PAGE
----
During the Back to Koo-Wee-Rup celebrations of late October, early November 1969 the Hall was used for activities. Students of Koo-Wee-Rup High School would well remember having their H.S.C exams in the Hall in the 1970s. In one of my exams there were about five of us in the Hall, and we were at least equalled in number by the sparrows flying around the ceiling. The Hall was demolished in 2002 and plaque on the fence marks its location.
The Koo-Wee-Rup Sun of December 2, 1943 reported on a Public Meeting held at the Memorial Hall on November 26 to establish a local Fire Brigade. Brigades could only be established at the request of the local Council and as such it was Cr Leslie Cochrane who chaired the meeting. Mr A. McPherson, the Chief Officer of the Country Fire Brigades’ Board was also present. He had visited the town previously and considered it a suitable location for a Brigade and the Cranbourne Shire Council had agreed and made the necessary arrangements for the establishment of one. As both the Council and the Country Fire Brigades’ Board agreed then all that remained was to get the personnel. McPherson suggested that Koo-Wee-Rup establish an A class Brigade which consisted of four Officers and eleven firemen. Under normal circumstance the Board would spend over £1,000 in setting up a Brigade, however due to the War many appliances were unavailable.
McPherson also talked of the social activities enjoyed by members of brigades at the annual demonstrations and that these demonstrations would be resumed after the return of 1,850 men at present in the fighting services. Koo-Wee-Rup established a competition team in 1950. Given that fighting fires can be dangerous, McPherson also said that the Board could grant up to £500 to the dependents of a fireman killed on duty. The Board would also give an annual allowance of £20 to the Brigade and the Council would also give an annual sum.
Volunteers were then called for and thirteen men answered the call and elected their own leaders. The first Captain was the alliteratively named Loyal Leslie Lackman; the Lieutenant was Cyril Isbister; the Foreman was William Mahoney; Secretary Samuel Lewis and other members were Kenneth Cochrane, John Sauer, Edward Holley, Thomas Perkins, William Winters, Albert Rushton, Thomas English and reserves were D. Johnson and L. Plowright. Johnson and Plowright were both under 18 years of age, which is why they were placed on the reserve list, according to the Koo-Wee-Rup Sun report. Lackman’s time as Captain was short lived as a report in the Koo-Wee-Rup Sun of May 4, 1944 said that Captain Lackman was farewelled by the members of the Brigade on April 28 as he had been transferred from the district by his employee, the State Rivers & Water Supply Commission. The report went on to say that in the short time he had been in Koo-Wee-Rup he had exhibited keen sportsmanship and had became a citizen the district could ill afford to lose. Soon after he left Koo-Wee-Rup, Loyal Lackman passed away suddenly on June 2, 1944 at Cobram at the age of 52.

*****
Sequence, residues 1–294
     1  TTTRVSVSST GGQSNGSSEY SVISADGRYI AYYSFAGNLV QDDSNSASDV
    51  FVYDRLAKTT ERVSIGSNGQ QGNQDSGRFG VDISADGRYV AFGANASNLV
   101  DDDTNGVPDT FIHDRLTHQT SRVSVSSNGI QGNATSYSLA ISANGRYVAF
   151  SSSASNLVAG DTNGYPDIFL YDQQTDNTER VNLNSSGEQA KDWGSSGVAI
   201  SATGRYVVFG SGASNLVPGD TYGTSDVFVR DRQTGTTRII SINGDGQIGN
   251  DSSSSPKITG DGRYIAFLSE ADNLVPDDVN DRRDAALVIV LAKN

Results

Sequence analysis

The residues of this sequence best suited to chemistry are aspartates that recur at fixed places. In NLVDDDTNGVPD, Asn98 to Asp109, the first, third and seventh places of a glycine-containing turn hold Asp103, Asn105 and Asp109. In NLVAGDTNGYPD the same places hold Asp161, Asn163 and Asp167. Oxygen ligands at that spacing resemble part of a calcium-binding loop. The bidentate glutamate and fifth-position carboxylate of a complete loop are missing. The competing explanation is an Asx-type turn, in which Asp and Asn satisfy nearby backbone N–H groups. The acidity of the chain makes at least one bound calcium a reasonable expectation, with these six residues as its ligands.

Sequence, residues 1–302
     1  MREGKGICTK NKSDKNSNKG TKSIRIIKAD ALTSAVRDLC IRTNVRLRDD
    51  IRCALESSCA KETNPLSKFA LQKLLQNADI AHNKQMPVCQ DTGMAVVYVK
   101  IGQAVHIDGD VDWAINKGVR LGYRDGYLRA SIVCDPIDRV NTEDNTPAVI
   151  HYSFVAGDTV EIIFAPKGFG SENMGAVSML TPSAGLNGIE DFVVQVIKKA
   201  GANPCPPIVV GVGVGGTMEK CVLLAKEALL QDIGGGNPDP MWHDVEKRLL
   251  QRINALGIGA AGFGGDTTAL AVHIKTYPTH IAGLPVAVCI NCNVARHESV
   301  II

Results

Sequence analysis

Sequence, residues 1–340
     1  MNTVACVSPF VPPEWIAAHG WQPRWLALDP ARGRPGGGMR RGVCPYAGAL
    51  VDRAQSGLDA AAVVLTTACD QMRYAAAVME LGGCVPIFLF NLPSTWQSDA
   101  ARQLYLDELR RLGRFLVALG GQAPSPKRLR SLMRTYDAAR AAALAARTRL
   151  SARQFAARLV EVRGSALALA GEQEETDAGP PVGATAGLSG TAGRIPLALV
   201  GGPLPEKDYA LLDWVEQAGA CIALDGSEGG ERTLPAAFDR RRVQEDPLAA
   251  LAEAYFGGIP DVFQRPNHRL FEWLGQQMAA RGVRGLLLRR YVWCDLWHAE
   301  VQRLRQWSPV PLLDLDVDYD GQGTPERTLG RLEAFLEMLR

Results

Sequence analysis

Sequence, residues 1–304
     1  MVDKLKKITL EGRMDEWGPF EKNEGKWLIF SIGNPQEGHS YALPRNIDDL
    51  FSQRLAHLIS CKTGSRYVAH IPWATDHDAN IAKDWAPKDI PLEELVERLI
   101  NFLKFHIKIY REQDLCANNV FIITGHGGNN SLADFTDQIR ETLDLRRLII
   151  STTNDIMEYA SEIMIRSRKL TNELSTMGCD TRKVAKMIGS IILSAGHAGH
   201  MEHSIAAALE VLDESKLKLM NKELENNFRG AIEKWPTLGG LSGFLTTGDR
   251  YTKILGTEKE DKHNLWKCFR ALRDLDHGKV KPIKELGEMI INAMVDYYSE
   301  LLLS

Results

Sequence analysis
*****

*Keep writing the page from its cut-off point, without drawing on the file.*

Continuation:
At the meeting held on May 8, 1944 Cyril Isbister was elected as Captain and Clarence Raymond ‘Dick’ Florance elected Lieutenant. In July 1947, Dick Florance started his long reign as Captain, holding the position until October 1972, when John Duff took on the role. Captain Duff held the position until he passed away suddenly on September 13, 1979. Lieutenant Keith Ridgway was then elected as the new Captain. Captain Ridgway served in the role until his retirement in December 1993 and Lieutenant Lindsay Black was elected. Captain Black finished his tenure in May 2002 when Michael Duff was elected.
A temporary fire station was to be established until the permanent building could be erected which opened in Rossiter Road in September 1947. The present Station Street building (which was expanded in 1984) was officially opened October 2, 1959.
This photo partially shows the Rossiter Road fire station as well as the bell tower.
The Ladies Auxiliary was formed on November 14, 1956 with Mrs Claire Howarth elected as President. The other Office bearers were Mrs Connie Grundy, Mrs Tobe Florance and Miss Janice Duff. The Auxiliary still supports the Brigade with fund raising and other activities.
Sources: Notes supplied by Mrs May Ridgway; Koo Wee Rup Fire Brigade Ladies Auxiliary: a brief history; Koo-Wee-Rup Sun.